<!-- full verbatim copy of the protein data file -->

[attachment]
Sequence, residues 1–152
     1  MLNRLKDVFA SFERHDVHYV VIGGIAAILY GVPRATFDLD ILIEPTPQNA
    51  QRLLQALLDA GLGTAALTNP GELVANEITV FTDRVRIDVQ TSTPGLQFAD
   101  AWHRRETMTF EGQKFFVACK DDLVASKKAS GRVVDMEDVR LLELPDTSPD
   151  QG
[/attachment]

Sequence, residues 1–152
     1  MLNRLKDVFA SFERHDVHYV VIGGIAAILY GVPRATFDLD ILIEPTPQNA
    51  QRLLQALLDA GLGTAALTNP GELVANEITV FTDRVRIDVQ TSTPGLQFAD
   101  AWHRRETMTF EGQKFFVACK DDLVASKKAS GRVVDMEDVR LLELPDTSPD
   151  QG